death by boiling so we can wear silk

This post is dedicated to the silkworms at Les Chantiers Ecoles Silk Farm in Siem Reap, Cambodia.

Artisans D’Angkor helps young Cambodians from poor rural areas learn traditional craft skills. They learn wood and stone carving, gilding, lacquering, silk painting and other traditional crafts.

They also learn sericulture - the ancient practice of growing silkworms and harvesting the long threads they produce by unraveling their cocoons.

The stages in the labour intensive process from hatchling to completed silk products are ...

The moths lay the eggs that hatch into caterpillars.

Silkworms eat the leaves of white mulberry trees in huge quantities.

It takes 30 to 40 days for tiny hatchlings to grow into adult caterpillars, and they increase in weight by an incredible fourteen thousand times!!!!!!!

When they are full grown they stop eating and spin their cocoons. Seven to ten days later the caterpillars will have completed their cocoons.

Next step is the process of extracting the silk. The cocoons are heated to kill the pupae. (If this were not done the pupae would turn into moths and break the thread as they emerge from the cocoon.)

Next the spinning stage: threads are unwound and reeled together, forming a single length of strong thread.

The silk threads are dyed with a range of traditional vegetable dyes.

The dyed threads are then woven into silken material of varying colours and patterns.


  1. Hello Catmint

    I have enjoyed learning so much from your blogpost today - its so interesting to read all about those little silkworms especially being able to view your photographs aswell.

  2. This is most interesting. I have heard that silk worms use to be a big business in the South of USA many many years ago. We see the silk worms hanging down from trees as if floating through the air but instead on a strand of silk. Hum, I have not seen as many this year as in years past though. I wonder why...

  3. I saw something similar in the UK years ago, though not on this scale. Absolutely fascinating. Really enjoyed this post.

  4. Dear Catmint, What an absolutely fascinating and informative posting which is also superbly illustrated. I have learnt much through reading and looking at this and have enjoyed the process enormously.

  5. oh my gosh. This was so incredibly interesting!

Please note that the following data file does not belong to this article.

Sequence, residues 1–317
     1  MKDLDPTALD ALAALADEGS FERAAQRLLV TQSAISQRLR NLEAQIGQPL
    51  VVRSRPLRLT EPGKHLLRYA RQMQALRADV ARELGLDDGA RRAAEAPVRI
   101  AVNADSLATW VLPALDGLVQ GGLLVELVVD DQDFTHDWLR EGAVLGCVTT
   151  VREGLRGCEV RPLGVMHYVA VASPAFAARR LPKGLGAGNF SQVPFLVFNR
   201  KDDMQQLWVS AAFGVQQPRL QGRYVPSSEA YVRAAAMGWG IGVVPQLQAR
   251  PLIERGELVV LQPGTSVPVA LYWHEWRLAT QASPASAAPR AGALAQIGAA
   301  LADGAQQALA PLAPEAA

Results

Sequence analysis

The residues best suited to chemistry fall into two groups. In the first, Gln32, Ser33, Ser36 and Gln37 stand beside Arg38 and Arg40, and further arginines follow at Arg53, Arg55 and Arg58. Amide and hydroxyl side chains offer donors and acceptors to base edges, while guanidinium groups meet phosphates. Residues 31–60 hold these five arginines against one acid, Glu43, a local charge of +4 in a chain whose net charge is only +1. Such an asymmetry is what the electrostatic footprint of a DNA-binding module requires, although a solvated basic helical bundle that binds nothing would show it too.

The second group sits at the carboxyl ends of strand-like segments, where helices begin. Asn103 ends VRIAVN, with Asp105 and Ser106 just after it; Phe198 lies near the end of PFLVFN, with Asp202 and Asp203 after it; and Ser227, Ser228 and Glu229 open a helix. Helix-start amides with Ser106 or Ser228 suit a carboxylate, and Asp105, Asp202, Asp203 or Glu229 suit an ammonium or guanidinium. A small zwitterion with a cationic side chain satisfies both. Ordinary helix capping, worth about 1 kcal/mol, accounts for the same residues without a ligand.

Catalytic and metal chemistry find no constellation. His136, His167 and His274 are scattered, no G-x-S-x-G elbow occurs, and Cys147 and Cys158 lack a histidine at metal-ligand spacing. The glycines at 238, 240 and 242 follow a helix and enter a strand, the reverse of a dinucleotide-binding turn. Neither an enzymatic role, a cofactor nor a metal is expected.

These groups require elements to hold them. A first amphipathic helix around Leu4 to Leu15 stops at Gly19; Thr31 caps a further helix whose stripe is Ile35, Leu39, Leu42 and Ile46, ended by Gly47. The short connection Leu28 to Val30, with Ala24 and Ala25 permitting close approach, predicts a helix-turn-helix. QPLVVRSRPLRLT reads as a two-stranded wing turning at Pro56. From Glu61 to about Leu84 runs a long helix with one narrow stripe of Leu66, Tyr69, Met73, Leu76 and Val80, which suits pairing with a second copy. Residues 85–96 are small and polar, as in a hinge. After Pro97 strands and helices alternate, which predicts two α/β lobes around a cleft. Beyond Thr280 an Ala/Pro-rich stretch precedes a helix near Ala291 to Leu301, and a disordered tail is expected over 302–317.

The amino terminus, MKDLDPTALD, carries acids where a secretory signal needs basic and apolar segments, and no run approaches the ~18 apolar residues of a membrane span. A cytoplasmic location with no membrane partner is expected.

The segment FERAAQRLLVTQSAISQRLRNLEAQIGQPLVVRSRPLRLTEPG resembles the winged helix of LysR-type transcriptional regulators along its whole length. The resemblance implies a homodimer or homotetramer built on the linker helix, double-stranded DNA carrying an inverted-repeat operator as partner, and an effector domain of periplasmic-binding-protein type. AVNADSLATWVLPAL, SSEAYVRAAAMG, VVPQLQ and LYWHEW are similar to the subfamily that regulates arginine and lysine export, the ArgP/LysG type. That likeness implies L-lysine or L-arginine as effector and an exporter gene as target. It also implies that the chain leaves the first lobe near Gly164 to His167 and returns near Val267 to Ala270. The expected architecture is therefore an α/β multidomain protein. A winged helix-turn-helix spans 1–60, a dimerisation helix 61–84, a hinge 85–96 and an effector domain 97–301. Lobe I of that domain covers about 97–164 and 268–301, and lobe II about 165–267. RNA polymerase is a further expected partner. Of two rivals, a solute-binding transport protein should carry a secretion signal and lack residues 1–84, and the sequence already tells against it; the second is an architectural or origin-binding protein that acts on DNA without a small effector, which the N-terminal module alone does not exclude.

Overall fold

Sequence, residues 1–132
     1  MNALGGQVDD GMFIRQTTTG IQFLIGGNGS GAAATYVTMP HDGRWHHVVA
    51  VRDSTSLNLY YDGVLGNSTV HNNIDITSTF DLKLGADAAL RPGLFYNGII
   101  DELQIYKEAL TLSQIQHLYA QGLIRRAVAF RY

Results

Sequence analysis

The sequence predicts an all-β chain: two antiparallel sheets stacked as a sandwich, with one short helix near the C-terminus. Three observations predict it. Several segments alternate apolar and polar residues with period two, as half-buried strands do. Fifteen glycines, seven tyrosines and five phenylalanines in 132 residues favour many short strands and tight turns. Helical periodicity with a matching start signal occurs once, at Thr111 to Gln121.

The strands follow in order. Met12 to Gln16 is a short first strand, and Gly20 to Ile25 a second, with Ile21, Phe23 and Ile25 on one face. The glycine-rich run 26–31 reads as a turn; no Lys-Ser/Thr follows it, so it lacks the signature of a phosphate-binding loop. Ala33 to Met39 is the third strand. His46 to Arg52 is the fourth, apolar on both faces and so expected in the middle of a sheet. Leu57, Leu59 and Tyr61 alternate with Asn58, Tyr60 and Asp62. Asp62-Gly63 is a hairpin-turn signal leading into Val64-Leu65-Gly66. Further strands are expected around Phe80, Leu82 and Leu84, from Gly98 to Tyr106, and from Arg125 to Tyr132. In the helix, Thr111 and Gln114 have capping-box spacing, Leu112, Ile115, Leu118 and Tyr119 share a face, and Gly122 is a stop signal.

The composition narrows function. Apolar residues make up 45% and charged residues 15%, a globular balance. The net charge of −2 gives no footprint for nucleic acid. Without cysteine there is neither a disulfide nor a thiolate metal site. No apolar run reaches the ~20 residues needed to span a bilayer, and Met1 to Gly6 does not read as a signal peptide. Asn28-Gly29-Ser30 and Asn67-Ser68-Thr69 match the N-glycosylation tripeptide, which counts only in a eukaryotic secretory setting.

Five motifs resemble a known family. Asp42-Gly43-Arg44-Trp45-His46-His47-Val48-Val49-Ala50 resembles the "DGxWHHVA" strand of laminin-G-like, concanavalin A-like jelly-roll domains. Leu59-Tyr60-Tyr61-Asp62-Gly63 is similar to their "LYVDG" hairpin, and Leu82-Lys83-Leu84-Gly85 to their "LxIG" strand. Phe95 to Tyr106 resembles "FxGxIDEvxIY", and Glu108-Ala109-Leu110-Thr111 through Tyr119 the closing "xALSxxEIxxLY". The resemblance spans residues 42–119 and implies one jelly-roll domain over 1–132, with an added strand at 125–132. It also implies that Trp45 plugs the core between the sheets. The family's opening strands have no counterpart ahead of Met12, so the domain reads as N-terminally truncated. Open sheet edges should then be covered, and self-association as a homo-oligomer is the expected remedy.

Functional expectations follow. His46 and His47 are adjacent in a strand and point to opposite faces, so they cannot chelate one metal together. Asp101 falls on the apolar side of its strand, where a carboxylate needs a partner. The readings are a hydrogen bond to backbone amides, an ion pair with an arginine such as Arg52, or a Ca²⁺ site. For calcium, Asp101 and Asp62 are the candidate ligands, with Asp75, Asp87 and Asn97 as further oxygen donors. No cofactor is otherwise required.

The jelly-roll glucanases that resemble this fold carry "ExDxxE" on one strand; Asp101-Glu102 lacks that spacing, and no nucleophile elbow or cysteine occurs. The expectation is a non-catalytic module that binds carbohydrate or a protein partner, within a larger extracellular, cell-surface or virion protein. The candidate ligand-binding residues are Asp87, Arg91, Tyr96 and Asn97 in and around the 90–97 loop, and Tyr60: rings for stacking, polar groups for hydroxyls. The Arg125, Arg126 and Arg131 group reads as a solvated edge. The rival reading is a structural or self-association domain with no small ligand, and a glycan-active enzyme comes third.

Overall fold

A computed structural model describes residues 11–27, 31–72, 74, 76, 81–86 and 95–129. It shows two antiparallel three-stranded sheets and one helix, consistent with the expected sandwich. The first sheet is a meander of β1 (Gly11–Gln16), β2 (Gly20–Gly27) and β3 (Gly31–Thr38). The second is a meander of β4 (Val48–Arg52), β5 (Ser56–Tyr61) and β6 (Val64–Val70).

I guess it's a little sad to think about heating up and killing the pupae. I don't think I knew this had to happen. I sort of thought they just spin threads like spider webs and we just take them as they spin more. duh. This was really cool to see in photos.

  6. i always wondered...thanks for sharing!

  7. Very interesting process! Thanks for sharing.

  8. Catmint, really enjoyed your informative post about silk production. Silk is a wonderful material. The colours and patterns gorgeous. I like it very much that young people are able to learn the ancient crafts.Your photos show very well the process from the moth to the silk. I remember my oldest grandson bringing his box with silk worms to feed them on the leaves of our white mulberry tree.

  9. Hi Rosie, I am so pleased you enjoyed the post.

    Hi Skeeter, I think they are not used now because it is such a labour intensive process and it would be too expensive. At least the silkworms are wild and free down your way ...

    Hi Hermes, thanks for the comment.

    Hi Edith, thanks - so pleased you found it instructive.

    Hi Wendy, it is horrendous for the poor little things. I did feel sorry for them being boiled.

    Hi Tammy, thanks for your comment and visit.

    Hi Alan, I found it a fascinating process too.

    Hi Titania, yes it does seem to be a lost art, it's great to see it being revived.

    Cheers, catmint

  10. I saw similar process for making silk carpet in turkey. Thanks for the post if I ever travel to this country would like to visit this place too.

  11. Wow, I had no idea...won't be wearing silk anylonger. Thank you.


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